Google+ The Bluestocking Firefly: September 2010

Wednesday, September 22, 2010

English and Ella

There's really nothing in the States that compares to the UK institution known as the pub. The closest you could really get would be if you took a diner (you know, the sort of mom-and-pop 1950s diner with the checked tablecloths and those pastel-green walls and old album covers hung up everywhere) and a bar and they had a bad transporter accident. Or if they had a baby. The result might look something like a pub. Maybe.

Castles are another beautifully European thing (though not confined to the UK, by any means), and I happen to have one almost out my back door. It's a bit dilapidated, but it's still a castle. On a cliff. By the sea. I have a castle. That's kind of nifty. Now if I can only get it in miniature and stick one in my backyard...

In all seriousness, for such a little place, St Andrews is really lovely. It's on a very pretty bit of coastline, has its own castle and cathedral that was largely pulled down during the Reformation, lots of lovely old buildings, and some ridiculous number of coffee shops. I, alas, do not live in one of the lovely old buildings (I live in a concrete bunker, but at least while I'm inside it I don't have to look at it!), but never mind. I'm quite keen on this whole living on the coast business. I went for a walk the other morning as the sun was rising and nearly got blinded by the light off the water. I suppose it wouldn't be quite the thing to lose my eyesight before I even have my first class...oh well, never mind!

I thought I'd put up a bit more of Ella, continuing on from where the last bit ended. :)

Ella (Prologue), cont.

Princess Eleonora was in the middle of an Atlaian lesson, but instead of practising declining verbs, she was drawing flowers. Her language tutor was, as usual, flirting with one of the maids, so she was free to do as she pleased. Which, for the moment, meant sketching flowers. Badly. Her drawing tutor tended to neglect her studies nearly as much as her language tutor, which meant her skills were progressing...slowly. But she preferred flowers to verbs, and so until her tutor noticed, she intended to draw.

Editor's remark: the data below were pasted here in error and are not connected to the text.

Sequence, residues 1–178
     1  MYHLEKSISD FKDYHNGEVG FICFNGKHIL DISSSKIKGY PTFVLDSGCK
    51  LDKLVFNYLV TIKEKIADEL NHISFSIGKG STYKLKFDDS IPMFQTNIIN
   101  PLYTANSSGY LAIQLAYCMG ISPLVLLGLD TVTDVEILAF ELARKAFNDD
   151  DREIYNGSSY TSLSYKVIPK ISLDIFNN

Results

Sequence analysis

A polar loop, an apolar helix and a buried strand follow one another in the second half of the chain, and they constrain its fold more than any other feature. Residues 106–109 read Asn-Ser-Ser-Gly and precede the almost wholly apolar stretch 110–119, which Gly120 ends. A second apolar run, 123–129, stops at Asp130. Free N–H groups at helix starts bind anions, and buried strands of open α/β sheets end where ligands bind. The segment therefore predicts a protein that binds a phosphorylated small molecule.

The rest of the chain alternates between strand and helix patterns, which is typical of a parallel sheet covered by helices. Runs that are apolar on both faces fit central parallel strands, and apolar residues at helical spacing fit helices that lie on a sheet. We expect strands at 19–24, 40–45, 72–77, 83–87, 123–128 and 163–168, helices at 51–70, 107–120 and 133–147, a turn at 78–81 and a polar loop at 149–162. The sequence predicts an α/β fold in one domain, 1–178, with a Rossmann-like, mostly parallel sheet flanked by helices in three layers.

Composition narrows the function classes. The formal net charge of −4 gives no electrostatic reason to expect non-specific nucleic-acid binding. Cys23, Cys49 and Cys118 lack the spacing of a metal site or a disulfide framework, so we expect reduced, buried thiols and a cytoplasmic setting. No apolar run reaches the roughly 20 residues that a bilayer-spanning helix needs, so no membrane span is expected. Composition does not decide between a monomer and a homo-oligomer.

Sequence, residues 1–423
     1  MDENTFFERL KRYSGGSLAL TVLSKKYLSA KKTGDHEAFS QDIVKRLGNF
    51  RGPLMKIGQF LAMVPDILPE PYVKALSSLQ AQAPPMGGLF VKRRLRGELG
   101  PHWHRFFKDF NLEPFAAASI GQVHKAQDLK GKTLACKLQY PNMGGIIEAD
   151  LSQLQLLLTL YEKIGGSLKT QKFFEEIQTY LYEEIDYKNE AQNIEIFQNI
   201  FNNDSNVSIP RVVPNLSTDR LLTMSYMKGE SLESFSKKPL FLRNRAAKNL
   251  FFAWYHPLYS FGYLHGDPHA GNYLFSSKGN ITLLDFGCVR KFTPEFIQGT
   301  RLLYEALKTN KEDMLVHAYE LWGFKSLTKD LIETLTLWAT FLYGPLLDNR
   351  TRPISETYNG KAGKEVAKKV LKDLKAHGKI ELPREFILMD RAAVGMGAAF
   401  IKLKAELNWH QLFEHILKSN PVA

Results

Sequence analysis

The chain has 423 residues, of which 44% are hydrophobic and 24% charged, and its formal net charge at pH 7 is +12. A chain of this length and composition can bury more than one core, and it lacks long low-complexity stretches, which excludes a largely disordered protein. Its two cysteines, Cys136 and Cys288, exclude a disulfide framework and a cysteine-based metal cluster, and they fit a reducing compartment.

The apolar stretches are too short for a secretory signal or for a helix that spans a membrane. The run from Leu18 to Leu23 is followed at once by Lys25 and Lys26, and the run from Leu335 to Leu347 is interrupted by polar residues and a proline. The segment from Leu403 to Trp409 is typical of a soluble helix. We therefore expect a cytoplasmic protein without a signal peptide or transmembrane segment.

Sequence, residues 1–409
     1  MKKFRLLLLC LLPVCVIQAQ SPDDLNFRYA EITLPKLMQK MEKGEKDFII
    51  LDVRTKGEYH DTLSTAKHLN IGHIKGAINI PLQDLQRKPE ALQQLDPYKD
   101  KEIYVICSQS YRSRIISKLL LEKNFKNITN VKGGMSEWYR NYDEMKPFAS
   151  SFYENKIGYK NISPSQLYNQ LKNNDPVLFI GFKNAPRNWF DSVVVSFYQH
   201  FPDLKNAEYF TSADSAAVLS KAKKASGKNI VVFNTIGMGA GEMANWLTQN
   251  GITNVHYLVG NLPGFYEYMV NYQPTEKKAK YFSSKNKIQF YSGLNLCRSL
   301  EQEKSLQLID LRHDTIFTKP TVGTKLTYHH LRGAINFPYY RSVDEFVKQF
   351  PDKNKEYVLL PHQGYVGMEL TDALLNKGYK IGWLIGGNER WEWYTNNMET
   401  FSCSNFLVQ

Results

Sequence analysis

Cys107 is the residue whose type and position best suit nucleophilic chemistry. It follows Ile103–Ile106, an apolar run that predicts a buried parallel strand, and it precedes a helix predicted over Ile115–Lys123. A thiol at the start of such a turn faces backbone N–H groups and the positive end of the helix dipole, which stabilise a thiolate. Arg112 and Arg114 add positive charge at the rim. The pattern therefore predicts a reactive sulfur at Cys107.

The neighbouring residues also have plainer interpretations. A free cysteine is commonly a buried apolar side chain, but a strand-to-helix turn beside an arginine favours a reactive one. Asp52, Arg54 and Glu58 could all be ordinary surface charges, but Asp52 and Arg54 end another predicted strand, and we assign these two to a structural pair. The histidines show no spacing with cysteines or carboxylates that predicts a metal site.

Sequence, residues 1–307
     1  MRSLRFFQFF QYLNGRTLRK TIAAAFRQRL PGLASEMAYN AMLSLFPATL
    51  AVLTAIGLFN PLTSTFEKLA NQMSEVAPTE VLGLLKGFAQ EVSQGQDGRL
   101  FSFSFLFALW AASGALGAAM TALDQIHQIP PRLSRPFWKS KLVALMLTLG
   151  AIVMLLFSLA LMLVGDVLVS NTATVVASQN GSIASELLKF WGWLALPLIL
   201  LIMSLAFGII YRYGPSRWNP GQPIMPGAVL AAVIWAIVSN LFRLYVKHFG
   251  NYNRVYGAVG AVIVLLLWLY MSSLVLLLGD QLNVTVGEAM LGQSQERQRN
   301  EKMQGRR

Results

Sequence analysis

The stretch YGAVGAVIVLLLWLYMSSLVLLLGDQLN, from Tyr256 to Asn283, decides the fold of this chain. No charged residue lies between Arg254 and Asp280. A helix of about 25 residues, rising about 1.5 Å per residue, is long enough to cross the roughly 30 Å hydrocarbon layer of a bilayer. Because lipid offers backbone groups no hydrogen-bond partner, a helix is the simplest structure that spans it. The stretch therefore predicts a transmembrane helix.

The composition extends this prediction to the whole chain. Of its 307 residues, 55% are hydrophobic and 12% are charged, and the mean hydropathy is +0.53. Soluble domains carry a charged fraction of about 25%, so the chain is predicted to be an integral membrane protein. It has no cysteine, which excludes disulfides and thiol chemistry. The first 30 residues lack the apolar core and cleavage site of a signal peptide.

Until she spotted Ahlstad standing in the doorway.

Ella guiltily shoved her flower-covered paper beneath her Atlaian book and pretended to be absorbed in the verb tables. Marie Ahlstad made her nervous. She had heard somewhere that plump people were supposed to be cheerful, but she had yet to see any evidence of that in Mme. Ahlstad. She was the sternest short, plump, and spectacled personage Ella had ever encountered in her seven and a half years of life, and Ella lived in fear of putting a foot wrong in front of her. One look from Mme. Ahlstad was punishment enough for poor behaviour.

"Your Highness," Ahlstad said. She chose Etoinaise today. With an Etoinaise mother and a Stjaran father, Ella had grown up speaking both languages, and with her parents it was always simple to determine which language she would be speaking. But with Mme. Ahlstad, Ella was often uncertain until the words came out of her mouth.